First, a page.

Most capital cities recorded declines in vacancy rates over September except Melbourne, which now records the highest vacancy rate across the nation.
Story: Bianca Dabu – REB
The national residential rental vacancy rate remained stable at 2.0 per cent over September, with the total number of vacancies now sitting at 70,389, according to the latest data from SQM Research. This time last year, the national vacancy rate was slightly higher at 2.1 per cent.
Across capital cities, only Melbourne recorded an increase, from 3.4 per cent in August to 3.8 per cent in September.
As stage 4 COVID-19 lockdowns continue in the Victorian capital, the city has surpassed Sydney as having the highest vacancy rate in the nation, with an additional 2,316 vacant properties.
Meanwhile, Sydney’s vacancy rate remains stable at 3.5 per cent, with a total of 22,762 listings in September.
All other capital cities saw minor declines in vacancy rates to record low vacancy rates below 2.0 per cent. Hobart recorded the lowest vacancy rate across the nation at 0.6 of a percentage point.
Looking closer into central business districts, Melbourne CBD’s vacancy rates increased to a new all-time high of 10.8 per cent, up from August’s 10.0 per cent. Brisbane CBD also saw an increase in vacancy rates from 11.4 per cent to 12.5 per cent. On the other hand, Sydney CBD’s vacancy rates slightly dropped from 12.9 per cent in August to 12.8 per cent in September.
Average asking rent across capital cities decreased by 0.4 of a percentage point for houses and 0.7 of a percentage point for units for the week ended 12 October 2020. Median asking rents now sit at $527 per week for houses and $411 per week for units.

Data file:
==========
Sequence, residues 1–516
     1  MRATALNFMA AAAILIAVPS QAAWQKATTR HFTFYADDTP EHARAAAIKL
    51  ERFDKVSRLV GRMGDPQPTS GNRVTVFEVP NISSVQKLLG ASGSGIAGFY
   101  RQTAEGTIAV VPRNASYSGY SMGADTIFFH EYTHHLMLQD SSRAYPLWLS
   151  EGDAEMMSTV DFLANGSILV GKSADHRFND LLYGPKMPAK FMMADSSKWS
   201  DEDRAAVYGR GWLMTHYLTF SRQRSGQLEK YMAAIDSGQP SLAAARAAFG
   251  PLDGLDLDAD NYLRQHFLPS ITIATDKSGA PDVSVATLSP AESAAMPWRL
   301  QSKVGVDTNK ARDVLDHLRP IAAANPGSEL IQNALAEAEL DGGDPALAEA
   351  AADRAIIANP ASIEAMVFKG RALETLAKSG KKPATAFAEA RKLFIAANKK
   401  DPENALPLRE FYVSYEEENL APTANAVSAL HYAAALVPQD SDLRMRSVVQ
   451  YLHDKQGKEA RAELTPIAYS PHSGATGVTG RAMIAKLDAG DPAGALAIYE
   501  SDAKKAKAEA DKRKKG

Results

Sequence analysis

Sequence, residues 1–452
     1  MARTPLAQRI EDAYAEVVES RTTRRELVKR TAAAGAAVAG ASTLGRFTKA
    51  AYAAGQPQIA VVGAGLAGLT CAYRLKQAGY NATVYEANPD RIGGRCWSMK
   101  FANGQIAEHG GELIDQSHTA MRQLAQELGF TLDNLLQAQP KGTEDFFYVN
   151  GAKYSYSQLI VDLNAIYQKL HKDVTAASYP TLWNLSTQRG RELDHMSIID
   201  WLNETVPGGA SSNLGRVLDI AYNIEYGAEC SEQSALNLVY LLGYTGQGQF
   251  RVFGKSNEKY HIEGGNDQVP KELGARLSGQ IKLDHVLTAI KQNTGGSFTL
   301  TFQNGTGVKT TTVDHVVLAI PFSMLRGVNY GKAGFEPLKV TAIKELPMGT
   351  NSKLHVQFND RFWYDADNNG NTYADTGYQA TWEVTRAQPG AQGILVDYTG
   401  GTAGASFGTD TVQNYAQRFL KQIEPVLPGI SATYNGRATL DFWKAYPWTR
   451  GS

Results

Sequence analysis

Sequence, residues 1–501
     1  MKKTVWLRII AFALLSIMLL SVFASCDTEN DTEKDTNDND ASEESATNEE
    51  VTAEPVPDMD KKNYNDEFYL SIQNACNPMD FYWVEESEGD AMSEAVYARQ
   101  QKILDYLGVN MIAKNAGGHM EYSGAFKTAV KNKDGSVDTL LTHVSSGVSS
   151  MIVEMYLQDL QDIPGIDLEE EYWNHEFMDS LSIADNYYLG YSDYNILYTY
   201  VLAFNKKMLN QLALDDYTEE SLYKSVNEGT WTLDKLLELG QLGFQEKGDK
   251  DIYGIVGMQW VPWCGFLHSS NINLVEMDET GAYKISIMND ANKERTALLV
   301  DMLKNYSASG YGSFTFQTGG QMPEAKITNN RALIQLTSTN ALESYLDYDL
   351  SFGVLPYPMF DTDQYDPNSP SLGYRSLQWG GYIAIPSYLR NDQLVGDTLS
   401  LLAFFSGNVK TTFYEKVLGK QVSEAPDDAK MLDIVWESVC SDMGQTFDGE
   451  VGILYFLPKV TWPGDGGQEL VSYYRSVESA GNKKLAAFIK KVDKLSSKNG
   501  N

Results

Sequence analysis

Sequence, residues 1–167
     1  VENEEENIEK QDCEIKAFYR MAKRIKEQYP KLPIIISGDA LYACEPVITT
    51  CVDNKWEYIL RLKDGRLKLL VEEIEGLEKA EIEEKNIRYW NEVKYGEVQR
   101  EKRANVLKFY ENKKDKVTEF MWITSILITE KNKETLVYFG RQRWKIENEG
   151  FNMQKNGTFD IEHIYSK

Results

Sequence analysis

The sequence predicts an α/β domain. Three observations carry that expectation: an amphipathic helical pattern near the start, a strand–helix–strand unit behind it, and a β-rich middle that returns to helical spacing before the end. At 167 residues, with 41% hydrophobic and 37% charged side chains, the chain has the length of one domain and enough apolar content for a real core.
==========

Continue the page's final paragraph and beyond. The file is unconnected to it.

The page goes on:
Melbourne and Sydney continue to record declines in both house and unit asking rents over the month of September, with Sydney recording the largest declines of 1.7 per cent for houses and 1.2 per cent for units. Median house rent in Sydney is now $611.70 while median unit rent is $452.10.
Meanwhile, Melbourne rents declined by 0.8 of a percentage point for both houses and units over the month, bringing the median house and unit rents to $515.30 and $390.20, respectively.
Perth, Darwin and Hobart all recorded rental increases in both houses and units, with Hobart recording the highest rental growth in the nation for both houses and units at 3.2 per cent and 3.4 per cent, respectively.
Adelaide stood out with the most affordable median house and unit rents at $416.90 and $315.30, respectively.
Year on year, Sydney and Melbourne recorded declines in asking rents for both houses and units, with Sydney recording a high 8.9 per cent decline for both houses and units in September 2019.